After almost 17 months of waiting, and a creative music video parodying the 1984 film Footloose, seniors at Alderwood Estates in Witless Bay, N.L., are prepared to blow the roof off the building on Saturday night.
The seniors will have their first dance since the emergence of the COVID-19 pandemic. This is days after making a successful plea to the provincial administration to amend the rules on dances in long-term care homes as immunization rates go up across the region.
After the video found its way to the desk of Health Minister John Haggie, the announcement that dances can continue was made on Wednesday during the COVID-19 briefing.
Haggie stated on Wednesday,
“I thank the folk at Alderwood Retirement Home for raising this. It was never really our intent to restrict those once the vaccination levels rose, and certainly, we’ve clarified that in an email to personal-care homes.”
“I thank the Footloose fans for bringing it to my attention. And the offer for the dance card is great, but I’m no Patrick Swayze so you will be sadly disappointed.”
Once the seniors at Alderwood got the news, Renee Houlihan, recreation director, stated the seniors’ plans rapidly began to take shape.
“We were on our way home yesterday from an outing … and we got the news on the bus. They were going crazy! They were jumping in their seats. They were jubilant, triumphant, even,” Houlihan revealed to The St. John’s Morning Show on Thursday.
“Almost a minute later, they were like, ‘OK, this is what we’re going to do. On Saturday at our Capelin Festival, we’re gonna break out in a flash mob and we’re gonna just shut down Harbour Road with our excitement.’… They were so excited, it was amazing.”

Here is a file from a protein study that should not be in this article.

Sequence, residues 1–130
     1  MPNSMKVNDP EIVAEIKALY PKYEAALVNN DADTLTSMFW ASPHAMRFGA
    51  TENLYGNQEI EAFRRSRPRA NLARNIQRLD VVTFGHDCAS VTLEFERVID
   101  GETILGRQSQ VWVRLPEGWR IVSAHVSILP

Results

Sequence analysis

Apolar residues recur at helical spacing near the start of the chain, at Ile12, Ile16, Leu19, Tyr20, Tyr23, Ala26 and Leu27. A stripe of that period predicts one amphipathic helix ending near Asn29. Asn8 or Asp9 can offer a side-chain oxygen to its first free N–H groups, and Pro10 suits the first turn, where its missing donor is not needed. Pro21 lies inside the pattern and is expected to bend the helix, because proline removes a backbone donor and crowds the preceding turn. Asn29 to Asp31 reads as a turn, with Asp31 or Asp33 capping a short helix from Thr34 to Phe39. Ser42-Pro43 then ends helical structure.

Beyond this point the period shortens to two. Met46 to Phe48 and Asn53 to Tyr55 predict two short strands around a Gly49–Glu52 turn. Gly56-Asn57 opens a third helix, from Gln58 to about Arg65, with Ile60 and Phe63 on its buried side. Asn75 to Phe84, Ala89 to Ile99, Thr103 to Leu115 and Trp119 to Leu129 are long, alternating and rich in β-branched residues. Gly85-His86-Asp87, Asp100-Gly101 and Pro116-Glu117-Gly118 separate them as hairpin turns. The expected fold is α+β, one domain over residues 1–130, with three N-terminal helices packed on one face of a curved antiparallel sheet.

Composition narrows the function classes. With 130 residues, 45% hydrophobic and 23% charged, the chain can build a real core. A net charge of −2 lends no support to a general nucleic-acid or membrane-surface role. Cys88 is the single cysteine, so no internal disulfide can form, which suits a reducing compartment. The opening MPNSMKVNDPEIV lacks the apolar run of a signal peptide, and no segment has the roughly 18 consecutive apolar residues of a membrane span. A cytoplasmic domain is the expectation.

Along with the celebration over being able to host a dance, Houlihan claims the news also gave a sense of validation to the seniors, who regularly feel they are left out by the administration when it comes to decision-making.
“One of them said, ‘Look, now that we did that, all the other seniors in the province can dance too.’ They feel like they had a goal, and that they were successful.… You want to feel that you matter, that you have a voice. ”
“That type of validation, where would I get that? You can’t buy that at Costco.… [Haggie] told them that they matter. That’s really what we wanted; it’s like water to a thirsty plant.”
Houlihan reveals that she hopes it can be an example of finding new and effective ways to engage seniors in decisions that affect their lives and others.
However, in the meantime, she and the seniors have a dance to organize.
“It’s going to be madness.… We’re going to pick a particular song and everyone, whether they’re in a hospital bed, will be wheeled out into that parking lot to dance,” she stated, laughing.
“I’m afraid they’re going to say, ‘Listen, I don’t want to eat broccoli anymore.’ I don’t know what’s going to happen next, because power can be heavy.”